Greener, cleaner, better: Big investment in campus corridor fights climate change

Greener, cleaner, better: Big investment in campus corridor fights climate change


A casual observer might not see Meditation Walk, the plant-filled east-west corridor crossing the north side of campus, as a sustainability project.

They’d need to look just a little bit closer.

Meditation Walk, which starts opposite Wilson Hall and runs past Westby, Robinson, Science and Savitz halls to the Chamberlain Student Center, is much more than Rowan University’s main pedestrian thoroughfare.

Workers this summer will complete Phase III of the Meditation Walk renovation project, a multi-million-dollar investment that was designed to not only further beautify the campus but to ease stormwater runoff, improve absorption and eliminate or vastly reduce surface flooding.

A decades long problem, flooding occurs when Chestnut Branch Stream, a body of water passing through the center of the Glassboro campus, becomes inundated during storms and overflows.

“The reason flooding has been an issue for so long is that the campus sits at the lowest point in the watershed,” said Arijit De, assistant vice president for Strategic Initiatives and University Architect.

In other words, De said, the area surrounding the main campus is like a giant bowl, with Rowan at the bottom of it.

He said the stream naturally catches much of the stormwater runoff but during heavy rain events it cannot always handle it all and the banks overflow. Before and after each event, De said, Rowan has acted to mitigate water damage but, time and again, the location of campus in the catch basin of the watershed proved difficult to beat.

Mitigating, beautifying, fighting climate change

Rowan’s comprehensive Stormwater Management and Landscape Masterplan mapped out a variety of improvements to manage runoff so it drains more efficiently into the ground without overflowing Chestnut Branch Stream.

Hidden in plain sight, the improvements include such features as “Demonstration Meadow,” a piece of ground along the stream near Wilson that’s filled with native plantings, and a complete redesign of the grounds around Wilson that replaced sections of concrete with green space.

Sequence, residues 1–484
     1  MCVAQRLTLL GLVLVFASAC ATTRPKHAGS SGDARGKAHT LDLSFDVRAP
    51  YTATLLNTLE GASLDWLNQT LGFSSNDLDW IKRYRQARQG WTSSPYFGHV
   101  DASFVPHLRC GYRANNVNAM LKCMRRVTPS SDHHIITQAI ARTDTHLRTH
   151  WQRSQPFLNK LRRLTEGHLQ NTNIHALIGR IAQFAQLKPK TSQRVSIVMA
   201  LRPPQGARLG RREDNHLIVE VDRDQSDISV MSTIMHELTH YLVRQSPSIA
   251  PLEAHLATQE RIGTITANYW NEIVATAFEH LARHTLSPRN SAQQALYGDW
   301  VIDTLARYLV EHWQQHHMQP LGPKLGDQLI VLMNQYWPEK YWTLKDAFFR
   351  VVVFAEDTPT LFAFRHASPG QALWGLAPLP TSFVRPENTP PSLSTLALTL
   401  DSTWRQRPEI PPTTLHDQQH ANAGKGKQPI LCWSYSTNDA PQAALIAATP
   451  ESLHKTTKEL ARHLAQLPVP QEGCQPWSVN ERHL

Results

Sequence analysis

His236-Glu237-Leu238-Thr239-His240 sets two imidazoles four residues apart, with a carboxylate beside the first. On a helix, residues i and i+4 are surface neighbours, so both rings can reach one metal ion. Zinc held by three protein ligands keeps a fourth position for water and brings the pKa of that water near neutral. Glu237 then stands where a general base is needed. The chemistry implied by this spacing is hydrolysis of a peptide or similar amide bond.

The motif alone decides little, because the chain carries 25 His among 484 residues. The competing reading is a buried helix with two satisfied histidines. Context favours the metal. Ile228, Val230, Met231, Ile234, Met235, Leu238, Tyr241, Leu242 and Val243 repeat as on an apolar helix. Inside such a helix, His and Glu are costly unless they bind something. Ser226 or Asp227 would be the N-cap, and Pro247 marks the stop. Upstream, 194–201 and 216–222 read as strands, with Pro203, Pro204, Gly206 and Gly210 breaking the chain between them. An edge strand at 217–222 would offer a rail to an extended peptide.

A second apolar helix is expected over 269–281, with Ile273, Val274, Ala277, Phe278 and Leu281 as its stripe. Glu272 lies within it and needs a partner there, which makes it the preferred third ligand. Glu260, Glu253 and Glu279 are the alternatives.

“All of it was concrete just two years ago,” said Landscape Architect Linda Walczak. “Even the amphitheater was designed to help manage runoff with seating and paving that allows rainwater to infiltrate into the soil.”

Phase III of the Meditation Walk plan is extending the project eastward, establishing a visual and physical link between Rowan Boulevard, student housing and the campus core.

Students like what they see

“We talk about sustainability in my classes and investing in plants can help a lot,” said Nisha Shah, 19, a rising junior chemical engineering major from South Brunswick. “All of the work that Rowan’s doing looks really good and it’s helping the environment.”

Shah, along with fellow Admissions Ambassadors Audry Feltner and Gian Verderose, took a break from giving student tours recently to discuss the campus improvement work.

Crucial to the restoration/renovation project is pedestrian enjoyment and use of the corridor including seating and overlook areas for Chestnut Branch Stream and Abbott’s Pond, a natural water feature.

“When I give tours there are often step back moments when people say, wow, it’s really beautiful,” said Verderose, a rising junior theatre arts major from Pittsgrove. “Not only do we have a planetarium and a fossil park, but a campus that is evolving and adapting.”

De and Walczak said Rowan invested more than $5.5 million over the past three years to beautify the Meditation Walk corridor and manage runoff along it, an investment that, in addition to mitigating flooding, helps to reduce the University’s carbon footprint with plantings that absorb greenhouse gases. Many of the plants are native to the region and support pollinators and other insects.

“All of it, taken together, helps us move forward from a sustainability standpoint,” Walczak said.

Building and improving campus while sustaining the environment

Many of Rowan’s recent capital improvements, including the construction of Cooper Medical School of Rowan University in Camden and Holly Point Commons in Glassboro, meet or exceed standards for LEED green building certification.

New and ongoing sustainability projects include:

  • The Glassboro Cogeneration Facility (which produces heat in winter and air conditioning in summer);
  • A wind power purchase agreement using natural and local wind sources;
  • The installation of tables with solar canopies at Student Center Plaza;
  • Sustainability features incorporated into the design of all new and planned buildings including Business Hall, Discovery Hall (opening Fall 2021) and the forthcoming Student Center Agora project, which will transform and expand the Chamberlain Student Center.

Further, since 2019, Rowan has purchased 27 low-speed, zero emission electric vehicles, developed a composting program for dining hall food waste to use in campus landscaping and is planning for the possible development of electric vehicle charging stations.